1.4.6 The Police and Crime Commissioner’s duty to hold the Chief Constable to account is further diminished if there is no equal requirement imposed upon the Chief to be held to account. Indeed, for many of the recommendations to be effective a dual duty will need to be established.

1.5 Disproportional service provision, leading to a reduction in community confidence, inequality and fairness

1.5.1 Experience has shown that the more affluent members of our communities are those most likely to vote and, as such, the current proposals as they stand tend to remove the focus of a Commissioner from more deprived areas. Governance in America has recently demonstrated that if left unchecked policing goes to where voting is most likely to occur, resulting in policing being all but removed from areas with the highest crime (these areas have a tendency to be populated by the most disadvantaged and poorest residents, which is reflected in the ethnic profile).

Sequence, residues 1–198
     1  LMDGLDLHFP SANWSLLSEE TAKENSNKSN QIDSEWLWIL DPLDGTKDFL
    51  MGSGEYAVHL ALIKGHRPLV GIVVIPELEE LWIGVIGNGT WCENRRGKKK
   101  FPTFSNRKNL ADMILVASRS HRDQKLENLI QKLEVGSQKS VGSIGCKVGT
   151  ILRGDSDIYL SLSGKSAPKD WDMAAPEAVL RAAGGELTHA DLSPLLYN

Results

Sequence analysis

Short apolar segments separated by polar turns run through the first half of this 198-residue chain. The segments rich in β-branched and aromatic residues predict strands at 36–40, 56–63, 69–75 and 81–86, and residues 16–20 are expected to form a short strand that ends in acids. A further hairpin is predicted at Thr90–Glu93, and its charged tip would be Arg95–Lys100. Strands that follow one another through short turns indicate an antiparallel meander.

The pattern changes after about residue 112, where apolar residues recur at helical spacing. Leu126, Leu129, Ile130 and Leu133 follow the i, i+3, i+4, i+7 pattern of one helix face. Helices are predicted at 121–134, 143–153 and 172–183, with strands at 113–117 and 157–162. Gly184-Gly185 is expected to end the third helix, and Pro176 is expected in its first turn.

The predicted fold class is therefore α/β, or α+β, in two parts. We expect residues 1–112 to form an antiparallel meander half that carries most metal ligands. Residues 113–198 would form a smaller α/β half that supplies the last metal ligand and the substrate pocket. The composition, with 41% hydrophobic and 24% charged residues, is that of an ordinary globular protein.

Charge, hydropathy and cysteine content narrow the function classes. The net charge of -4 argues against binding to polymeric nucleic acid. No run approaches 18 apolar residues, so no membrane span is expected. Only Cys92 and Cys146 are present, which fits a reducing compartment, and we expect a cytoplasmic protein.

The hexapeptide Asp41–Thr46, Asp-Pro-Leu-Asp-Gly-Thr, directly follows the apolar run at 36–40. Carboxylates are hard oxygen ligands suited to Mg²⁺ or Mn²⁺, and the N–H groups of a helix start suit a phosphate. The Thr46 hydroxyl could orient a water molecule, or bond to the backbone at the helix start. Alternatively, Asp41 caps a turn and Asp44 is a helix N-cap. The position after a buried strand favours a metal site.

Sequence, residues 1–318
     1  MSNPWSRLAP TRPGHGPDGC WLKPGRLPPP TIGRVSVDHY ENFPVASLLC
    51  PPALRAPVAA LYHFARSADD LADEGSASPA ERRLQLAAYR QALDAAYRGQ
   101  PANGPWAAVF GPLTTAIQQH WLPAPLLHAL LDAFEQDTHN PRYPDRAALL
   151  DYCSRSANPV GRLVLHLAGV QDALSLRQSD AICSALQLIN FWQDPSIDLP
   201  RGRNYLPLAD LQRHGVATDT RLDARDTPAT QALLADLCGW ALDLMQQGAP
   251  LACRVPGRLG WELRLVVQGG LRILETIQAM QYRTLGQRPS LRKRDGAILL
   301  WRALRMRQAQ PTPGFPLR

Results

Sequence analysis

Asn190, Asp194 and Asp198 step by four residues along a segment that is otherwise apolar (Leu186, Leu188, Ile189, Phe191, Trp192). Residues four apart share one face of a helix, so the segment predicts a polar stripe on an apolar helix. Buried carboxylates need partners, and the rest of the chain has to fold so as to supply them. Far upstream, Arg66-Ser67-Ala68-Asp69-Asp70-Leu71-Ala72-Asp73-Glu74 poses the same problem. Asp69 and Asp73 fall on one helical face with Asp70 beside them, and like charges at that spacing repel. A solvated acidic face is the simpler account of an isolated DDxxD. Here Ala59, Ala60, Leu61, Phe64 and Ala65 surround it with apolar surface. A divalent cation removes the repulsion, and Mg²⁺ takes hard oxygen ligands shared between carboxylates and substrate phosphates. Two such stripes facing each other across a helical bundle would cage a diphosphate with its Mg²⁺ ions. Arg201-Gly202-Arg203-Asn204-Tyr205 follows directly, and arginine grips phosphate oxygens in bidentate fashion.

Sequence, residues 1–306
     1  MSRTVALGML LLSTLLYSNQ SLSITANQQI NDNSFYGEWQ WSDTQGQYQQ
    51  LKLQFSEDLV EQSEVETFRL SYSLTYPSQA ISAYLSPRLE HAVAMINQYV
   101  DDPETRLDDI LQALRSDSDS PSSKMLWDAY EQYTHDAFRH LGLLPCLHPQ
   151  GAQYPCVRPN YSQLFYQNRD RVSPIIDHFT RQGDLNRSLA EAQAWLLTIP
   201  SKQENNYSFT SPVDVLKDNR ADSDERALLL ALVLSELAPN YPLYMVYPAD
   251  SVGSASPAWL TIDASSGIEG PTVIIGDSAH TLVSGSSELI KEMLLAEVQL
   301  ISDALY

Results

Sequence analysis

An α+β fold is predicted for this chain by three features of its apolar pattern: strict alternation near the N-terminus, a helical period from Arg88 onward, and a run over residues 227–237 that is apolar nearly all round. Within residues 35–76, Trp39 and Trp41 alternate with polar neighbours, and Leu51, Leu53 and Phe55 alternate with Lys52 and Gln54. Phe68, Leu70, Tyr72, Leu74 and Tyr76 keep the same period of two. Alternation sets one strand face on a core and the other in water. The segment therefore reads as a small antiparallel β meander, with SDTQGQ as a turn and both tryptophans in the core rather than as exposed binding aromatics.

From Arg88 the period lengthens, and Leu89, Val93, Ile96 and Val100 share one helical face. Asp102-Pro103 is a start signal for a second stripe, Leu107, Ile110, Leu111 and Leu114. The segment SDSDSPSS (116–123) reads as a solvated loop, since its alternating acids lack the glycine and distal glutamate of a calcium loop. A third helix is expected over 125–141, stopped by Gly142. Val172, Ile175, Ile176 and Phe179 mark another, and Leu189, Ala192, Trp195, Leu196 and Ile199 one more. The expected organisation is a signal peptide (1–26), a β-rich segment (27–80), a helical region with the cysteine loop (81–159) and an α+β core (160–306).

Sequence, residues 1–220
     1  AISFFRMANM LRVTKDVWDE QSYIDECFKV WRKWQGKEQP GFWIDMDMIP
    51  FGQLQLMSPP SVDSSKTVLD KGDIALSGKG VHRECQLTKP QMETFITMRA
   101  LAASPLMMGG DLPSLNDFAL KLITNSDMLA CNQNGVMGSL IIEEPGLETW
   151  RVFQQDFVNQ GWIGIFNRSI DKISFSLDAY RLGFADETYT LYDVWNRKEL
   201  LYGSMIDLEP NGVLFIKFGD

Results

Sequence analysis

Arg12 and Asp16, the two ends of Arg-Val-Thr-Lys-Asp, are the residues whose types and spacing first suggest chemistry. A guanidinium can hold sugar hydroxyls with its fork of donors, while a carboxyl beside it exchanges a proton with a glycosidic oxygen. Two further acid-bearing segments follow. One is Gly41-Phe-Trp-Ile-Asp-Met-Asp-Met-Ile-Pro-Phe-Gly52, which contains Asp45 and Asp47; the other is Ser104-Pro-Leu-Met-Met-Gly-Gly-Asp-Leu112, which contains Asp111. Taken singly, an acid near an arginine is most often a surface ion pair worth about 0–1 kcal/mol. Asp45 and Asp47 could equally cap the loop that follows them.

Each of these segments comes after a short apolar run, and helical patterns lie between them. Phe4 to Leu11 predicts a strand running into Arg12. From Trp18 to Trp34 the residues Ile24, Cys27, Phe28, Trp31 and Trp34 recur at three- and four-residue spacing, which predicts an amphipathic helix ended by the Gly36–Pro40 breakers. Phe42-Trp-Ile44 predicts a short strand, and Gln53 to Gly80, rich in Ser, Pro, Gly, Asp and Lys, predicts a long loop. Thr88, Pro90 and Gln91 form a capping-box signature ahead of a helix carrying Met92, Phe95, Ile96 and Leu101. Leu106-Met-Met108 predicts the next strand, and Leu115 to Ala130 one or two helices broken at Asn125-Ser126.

1.5.2 The Authority welcomes sensible reductions in bureaucracy, but notes that sometimes the guidance and forms protect not only our communities, (by improving confidence and helping to demonstrate effective response to policing priorities identified by them – such as monitoring of stop and search) but can also protect our officers.

1.5.3 The removal of the ability for a Police and Crime Commissioner to appoint the senior officers (save for the Chief Constable) will be severely disempowering. Hampshire Police Authority has had the opportunity, through its appointment process, to influence cultural change in Hampshire Constabulary and drive it in a direction that reflects the wishes of the public.